This is defined as the number of dispute applications as a proportion of all active claims for the reference year. Prior to 2009/10, the disputation rate was calculated slightly differently, with the number of dispute applications represented as a proportion of all new claims lodged in a reference year. The change to the current definition and calculation was made at a national level, across all jurisdictions, to reflect that dispute applications may occur at different stages during a claim cycle, not necessarily in the first year.

Dispute

This is in relation to a dispute over a worker’s compensation claim by parties involved (e.g. insurer, employer, worker). A dispute can occur at any stage of a claim in relation to a number of matters.

Durable Return to Work

An injured worker who returned to work and is still working 13 weeks from time of recommencement.

Duration

The duration of a claim is usually calculated in working days, and is based on estimates for unfinalised claims and actuals for finalised claims.

Employer Lodgement Period

Refers to the number of days between occurrence of a work-related injury or diagnosis of a work-related disease and lodgement of a worker’s compensation claim with an employer.

Estimated Claim Cost

The total estimated incurred claim costs, exclusive of development estimate and incurred but not reported (IBNR) amounts. Estimated costs are not adjusted for inflation and are attributed to the year in which a claim was lodged with an insurer.

Exempt Employer

An exempt employer is an employer exempted under section 164 of the Workers’ Compensation and Injury Management Act 1981 (WA) from the obligation to insure. Also commonly referred to as a Self-Insurer.

Frequency Rate

Frequency rate is the number of lost-time claims per million hours worked and indicates the prevalence of workers’ compensation claims. It is based on the number of hours worked for employed persons covered by workers’ compensation.

Full Return to Work

An injured worker who returns to work at an equivalent level of pay and hours and is not receiving workers’ compensation payments.

Incidence Rate

The incidence rate is the number of lost time claims per hundred employees (part-time, full-time, casual, and seasonal) in Western Australia. Employee numbers are based on the Australian Bureau of Statistics Labour Force data CAT No 6202.0.

Industry

Industry classification is based on the Australian and New Zealand Standard Industrial Classification (ANZSIC) system 1993, published by the Australian Bureau of Statistics. The ANZSIC system groups together businesses that carry out similar economic activities and is structured into a hierarchy of units reflecting different levels of description.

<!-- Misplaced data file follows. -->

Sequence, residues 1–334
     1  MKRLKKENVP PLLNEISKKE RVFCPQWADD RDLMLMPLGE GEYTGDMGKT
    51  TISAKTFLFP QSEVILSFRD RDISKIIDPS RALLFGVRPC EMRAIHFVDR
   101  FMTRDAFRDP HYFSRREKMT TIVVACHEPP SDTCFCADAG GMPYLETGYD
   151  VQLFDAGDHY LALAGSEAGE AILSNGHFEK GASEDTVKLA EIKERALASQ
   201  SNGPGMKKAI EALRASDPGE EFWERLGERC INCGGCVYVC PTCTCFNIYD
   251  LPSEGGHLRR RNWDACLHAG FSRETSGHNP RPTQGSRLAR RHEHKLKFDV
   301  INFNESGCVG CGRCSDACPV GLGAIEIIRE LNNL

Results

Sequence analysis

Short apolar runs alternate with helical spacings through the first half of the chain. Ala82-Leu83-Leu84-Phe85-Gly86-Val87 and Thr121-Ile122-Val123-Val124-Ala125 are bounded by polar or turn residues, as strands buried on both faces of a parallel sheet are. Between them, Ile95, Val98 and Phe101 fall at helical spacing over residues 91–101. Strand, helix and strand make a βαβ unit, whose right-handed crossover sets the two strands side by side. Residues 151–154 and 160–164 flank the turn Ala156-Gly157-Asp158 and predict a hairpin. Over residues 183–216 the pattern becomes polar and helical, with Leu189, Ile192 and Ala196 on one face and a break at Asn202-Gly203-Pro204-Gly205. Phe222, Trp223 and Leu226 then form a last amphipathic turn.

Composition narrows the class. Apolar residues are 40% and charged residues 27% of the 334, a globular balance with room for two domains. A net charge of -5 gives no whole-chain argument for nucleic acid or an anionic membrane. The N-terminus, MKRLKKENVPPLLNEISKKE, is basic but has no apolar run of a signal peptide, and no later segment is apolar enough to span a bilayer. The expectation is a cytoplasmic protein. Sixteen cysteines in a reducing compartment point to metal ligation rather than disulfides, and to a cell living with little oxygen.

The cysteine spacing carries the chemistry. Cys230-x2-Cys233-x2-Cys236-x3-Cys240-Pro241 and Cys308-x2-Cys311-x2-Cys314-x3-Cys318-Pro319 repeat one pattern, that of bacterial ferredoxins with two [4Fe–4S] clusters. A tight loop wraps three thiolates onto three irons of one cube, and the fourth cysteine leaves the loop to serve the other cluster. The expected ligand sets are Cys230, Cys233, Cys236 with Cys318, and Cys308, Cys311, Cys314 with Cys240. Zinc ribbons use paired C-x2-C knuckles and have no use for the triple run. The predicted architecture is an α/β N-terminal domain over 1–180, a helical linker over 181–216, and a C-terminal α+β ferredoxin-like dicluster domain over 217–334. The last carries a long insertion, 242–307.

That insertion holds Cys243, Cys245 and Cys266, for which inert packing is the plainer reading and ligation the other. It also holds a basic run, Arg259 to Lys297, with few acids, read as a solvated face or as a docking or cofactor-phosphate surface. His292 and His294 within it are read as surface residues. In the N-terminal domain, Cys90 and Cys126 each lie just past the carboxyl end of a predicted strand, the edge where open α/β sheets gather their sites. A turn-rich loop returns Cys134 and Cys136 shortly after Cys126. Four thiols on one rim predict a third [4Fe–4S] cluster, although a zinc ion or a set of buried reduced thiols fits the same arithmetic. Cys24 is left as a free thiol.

Initial Liability Decision for Approved Insurers

After receiving a worker’s compensation claim from an employer, an approved insurer within the WA workers’ compensation scheme is required to make an initial decision as to whether to accept or decline liability for the claim within 14 days. See S.57A (3) Workers’ Compensation and Injury Management Act 1981.

Initial Liability Decision for Self-Insurers

After receiving a worker’s compensation claim, a self-insurer within the WA workers’ compensation scheme is required to make an initial decision as to whether to accept or decline liability for the claim within 17 days. See S.57B (2) Workers’ Compensation and Injury Management Act 1981.

Injured Worker

A worker who made a workers’ compensation claim.

Injury

Injury is defined under subsection 5(1) of the Workers’ Compensation and Injury Management Act 1981 (WA) as:

  1. A personal injury by accident arising out of or in the course of employment or while acting on the employer’s instructions.
  2. A disabling industrial disease (e.g., poisoning, lung disease, etc.).
  3. A disease contracted in the course of employment or the recurrence or aggravation of a pre-existing disease where the employment contributed to a significant degree.

See also Disease.

Injury Management

Injury management is a recommended framework involving the injured worker, employer and treating medical practitioner working together to assist the worker to stay at work or return to work following a workplace injury.From 14 November 2005 injury management was incorporated into the Workers’ Compensation and Injury Management Act 1981 (WA).

Insurer

Insurers comprise of those insurers approved or formerly approved under section 161 of the Act and also the Insurance Commission of Western Australia (formerly the State Government Insurance Commission).

Insurer Lodgement Period

After receiving a worker’s compensation claim, an employer (whose worker is covered by the Workers’ Compensation and Injury Management Act 1981) is required to lodge the received claim with their insurer within five working days. See S.57A (2) Workers’ Compensation and Injury Management Act 1981.

Insurer Received Quarter